While often, and perhaps unfairly, seen as a sign of desperation by condo developers unable to move units, the developers at one Jersey City condominium say that a property auction — to open sales, rather than close — has worked for them.
The Saffron condo building, a $25 million project at 217 Newark Avenue, developed by Fields Development Group and TreeTop Development, celebrated its “pre-opening” of sales this past Sunday with an auction.
The auction included nine units — five two-bedrooms and four one-bedrooms out of 76 homes. These sold out so swiftly that James Caulfield, a partner with Fields, said the developers allowed so-called “step-up buyers” (buyers willing to buy units not included in the auction for the highest bid of the last round of bidding) to purchase six other units after the bidding closed.
The top bids for the one- and two- bedrooms were $322,000 and $440,000, respectively, around $25,000 and $59,000 lower than the average asking prices comparable units will have when they hit the market next month. Even though the units sold for less than market rate, Caulfield said the benefits for selling a chunk of units quickly outweigh the losses.
“[We knew] we were going to take a 15 percent hit across the board,” Caulfield said. “We could have gotten these deals but they would have closed in three to six months.”
Instead, Caulfield said, the two partnering firms have created sales momentum that could help them move on to new projects more quickly. Selling fast will help the building gain Federal Housing Administration approval sooner, he added, and will help with the developers’ obligations to their lenders.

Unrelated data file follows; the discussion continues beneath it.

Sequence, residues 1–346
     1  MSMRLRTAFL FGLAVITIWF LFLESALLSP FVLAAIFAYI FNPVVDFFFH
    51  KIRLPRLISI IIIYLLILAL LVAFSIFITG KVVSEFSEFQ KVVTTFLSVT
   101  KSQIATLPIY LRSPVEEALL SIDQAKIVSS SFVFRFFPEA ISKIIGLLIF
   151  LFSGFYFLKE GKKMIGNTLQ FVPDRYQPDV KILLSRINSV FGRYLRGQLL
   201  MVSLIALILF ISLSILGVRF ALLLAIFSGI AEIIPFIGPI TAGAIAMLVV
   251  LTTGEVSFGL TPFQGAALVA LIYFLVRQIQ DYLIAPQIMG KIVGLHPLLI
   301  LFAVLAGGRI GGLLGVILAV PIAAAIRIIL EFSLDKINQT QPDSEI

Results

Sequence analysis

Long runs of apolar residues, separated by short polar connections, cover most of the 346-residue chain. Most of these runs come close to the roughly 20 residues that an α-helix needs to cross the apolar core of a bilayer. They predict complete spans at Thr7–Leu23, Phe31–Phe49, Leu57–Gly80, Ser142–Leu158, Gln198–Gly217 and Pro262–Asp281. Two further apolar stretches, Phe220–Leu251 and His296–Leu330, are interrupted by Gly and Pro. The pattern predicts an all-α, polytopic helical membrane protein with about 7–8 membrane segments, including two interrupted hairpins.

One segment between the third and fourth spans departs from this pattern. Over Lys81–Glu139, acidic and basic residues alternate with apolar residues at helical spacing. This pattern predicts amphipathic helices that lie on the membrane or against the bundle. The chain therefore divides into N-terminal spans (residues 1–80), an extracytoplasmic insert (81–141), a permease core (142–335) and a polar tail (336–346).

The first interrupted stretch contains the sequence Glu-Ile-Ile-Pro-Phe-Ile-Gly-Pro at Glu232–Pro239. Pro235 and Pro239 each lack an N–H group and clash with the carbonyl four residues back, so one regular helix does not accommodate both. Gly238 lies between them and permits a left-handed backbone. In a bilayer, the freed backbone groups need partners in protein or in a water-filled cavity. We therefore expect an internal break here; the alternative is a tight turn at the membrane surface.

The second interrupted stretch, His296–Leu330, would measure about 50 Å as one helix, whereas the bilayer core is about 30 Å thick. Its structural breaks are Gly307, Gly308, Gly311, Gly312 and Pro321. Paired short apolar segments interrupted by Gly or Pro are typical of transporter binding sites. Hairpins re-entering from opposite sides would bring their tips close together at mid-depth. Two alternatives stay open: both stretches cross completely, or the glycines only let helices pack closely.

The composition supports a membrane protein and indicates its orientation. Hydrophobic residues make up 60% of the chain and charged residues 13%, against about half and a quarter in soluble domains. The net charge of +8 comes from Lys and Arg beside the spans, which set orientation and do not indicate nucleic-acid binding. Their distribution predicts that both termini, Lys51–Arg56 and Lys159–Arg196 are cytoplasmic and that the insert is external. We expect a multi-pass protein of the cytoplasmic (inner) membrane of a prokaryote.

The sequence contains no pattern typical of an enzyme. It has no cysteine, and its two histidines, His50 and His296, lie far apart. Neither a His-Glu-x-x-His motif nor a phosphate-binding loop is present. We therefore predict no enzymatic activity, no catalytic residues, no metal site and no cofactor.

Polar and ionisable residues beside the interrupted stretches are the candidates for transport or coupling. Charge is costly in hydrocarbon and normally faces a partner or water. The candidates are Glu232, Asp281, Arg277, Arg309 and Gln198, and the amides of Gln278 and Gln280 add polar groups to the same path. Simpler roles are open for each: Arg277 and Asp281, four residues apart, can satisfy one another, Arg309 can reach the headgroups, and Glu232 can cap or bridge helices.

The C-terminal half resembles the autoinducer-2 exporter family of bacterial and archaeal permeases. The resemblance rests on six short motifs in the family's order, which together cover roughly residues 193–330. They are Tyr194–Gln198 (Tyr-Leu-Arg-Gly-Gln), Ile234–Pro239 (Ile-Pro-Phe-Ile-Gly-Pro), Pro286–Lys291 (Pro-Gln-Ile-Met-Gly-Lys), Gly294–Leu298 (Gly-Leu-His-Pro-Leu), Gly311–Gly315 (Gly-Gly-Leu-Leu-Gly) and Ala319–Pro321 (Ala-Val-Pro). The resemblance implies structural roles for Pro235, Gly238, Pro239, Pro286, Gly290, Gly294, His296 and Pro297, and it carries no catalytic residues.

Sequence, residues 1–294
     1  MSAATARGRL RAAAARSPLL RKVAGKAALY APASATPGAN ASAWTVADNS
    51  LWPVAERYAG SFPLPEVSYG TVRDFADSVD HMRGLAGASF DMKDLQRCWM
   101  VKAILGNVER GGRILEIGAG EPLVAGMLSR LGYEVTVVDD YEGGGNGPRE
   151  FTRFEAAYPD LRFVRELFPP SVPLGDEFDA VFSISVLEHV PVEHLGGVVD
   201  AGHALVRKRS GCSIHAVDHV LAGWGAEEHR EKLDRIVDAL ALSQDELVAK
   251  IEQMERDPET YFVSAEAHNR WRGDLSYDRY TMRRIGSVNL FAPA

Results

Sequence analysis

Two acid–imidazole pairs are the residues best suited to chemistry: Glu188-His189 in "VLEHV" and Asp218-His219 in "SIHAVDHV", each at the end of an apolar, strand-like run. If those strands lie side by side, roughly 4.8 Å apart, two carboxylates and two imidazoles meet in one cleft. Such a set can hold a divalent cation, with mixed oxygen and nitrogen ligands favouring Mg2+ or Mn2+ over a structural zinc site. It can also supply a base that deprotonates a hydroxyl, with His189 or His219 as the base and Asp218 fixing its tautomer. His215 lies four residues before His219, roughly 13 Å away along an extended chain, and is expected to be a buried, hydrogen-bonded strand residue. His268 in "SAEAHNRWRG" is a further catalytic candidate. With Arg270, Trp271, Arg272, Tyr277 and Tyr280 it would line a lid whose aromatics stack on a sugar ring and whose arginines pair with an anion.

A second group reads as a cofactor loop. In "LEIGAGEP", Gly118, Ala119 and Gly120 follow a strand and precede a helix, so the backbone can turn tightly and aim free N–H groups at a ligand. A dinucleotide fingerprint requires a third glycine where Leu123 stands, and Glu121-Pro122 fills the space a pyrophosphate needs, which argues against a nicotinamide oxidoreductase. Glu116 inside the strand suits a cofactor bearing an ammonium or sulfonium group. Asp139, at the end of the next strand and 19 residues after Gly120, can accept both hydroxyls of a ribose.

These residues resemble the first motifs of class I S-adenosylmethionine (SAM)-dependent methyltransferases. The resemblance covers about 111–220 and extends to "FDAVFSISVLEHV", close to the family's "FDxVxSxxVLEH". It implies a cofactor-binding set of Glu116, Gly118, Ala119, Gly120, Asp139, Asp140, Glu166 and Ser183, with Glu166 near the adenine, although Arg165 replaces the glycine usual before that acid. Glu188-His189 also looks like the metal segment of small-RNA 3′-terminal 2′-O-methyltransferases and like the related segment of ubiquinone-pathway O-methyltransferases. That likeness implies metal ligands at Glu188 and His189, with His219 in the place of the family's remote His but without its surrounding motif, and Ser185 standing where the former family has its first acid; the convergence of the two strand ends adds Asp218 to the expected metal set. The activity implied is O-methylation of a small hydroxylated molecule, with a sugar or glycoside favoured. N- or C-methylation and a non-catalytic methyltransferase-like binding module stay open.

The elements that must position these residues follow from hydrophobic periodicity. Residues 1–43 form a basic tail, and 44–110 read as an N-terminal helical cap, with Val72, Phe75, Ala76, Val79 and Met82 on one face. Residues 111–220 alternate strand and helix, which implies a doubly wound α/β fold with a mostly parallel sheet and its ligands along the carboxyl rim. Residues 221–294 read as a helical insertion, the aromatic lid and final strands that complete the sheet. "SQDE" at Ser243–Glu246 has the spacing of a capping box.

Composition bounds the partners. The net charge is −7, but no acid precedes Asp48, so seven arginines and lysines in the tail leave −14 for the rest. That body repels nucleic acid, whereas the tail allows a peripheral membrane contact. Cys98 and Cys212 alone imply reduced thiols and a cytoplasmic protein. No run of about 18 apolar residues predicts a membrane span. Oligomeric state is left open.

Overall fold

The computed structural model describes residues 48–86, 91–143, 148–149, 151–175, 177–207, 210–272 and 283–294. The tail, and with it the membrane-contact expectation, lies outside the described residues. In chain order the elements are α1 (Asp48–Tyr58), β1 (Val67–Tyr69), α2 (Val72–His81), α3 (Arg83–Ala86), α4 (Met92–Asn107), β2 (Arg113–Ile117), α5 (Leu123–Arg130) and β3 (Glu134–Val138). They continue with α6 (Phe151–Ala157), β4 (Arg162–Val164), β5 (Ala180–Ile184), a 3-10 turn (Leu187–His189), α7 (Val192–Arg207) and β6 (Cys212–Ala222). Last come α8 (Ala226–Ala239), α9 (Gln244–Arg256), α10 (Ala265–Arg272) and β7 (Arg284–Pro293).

Jeff Hubbard, a senior managing director with Sheldon Good & Company who helped conduct the auction, agreed that the pre-sale strategy benefited the developers.
“The buyer gets a discounted price and the developer moves a lot of units of inventory at one time,” Hubbard said. “It’s a win-win.”
Among the benefits created by selling a large group of units in an auction, Hubbard said, is an enhanced legitimacy for a project and greater sales momentum.
Hubbard said that this is the first time that his company, which is based in New York City but manages auctions nationwide, has helped launch the sales at a building. Typically, Sheldon Good helps sales midway or toward the end of a building’s sales effort — the group helped close out the first phase of sales at the Beacon, also in Jersey City, with a 31-unit auction, for example. Even so, Hubbard said that more developers are embracing the idea of launching sales through auctions.
“I don’t know that it makes sense for every project,” Hubbard said. “But the marketing process is being viewed by developers as a viable alternative.”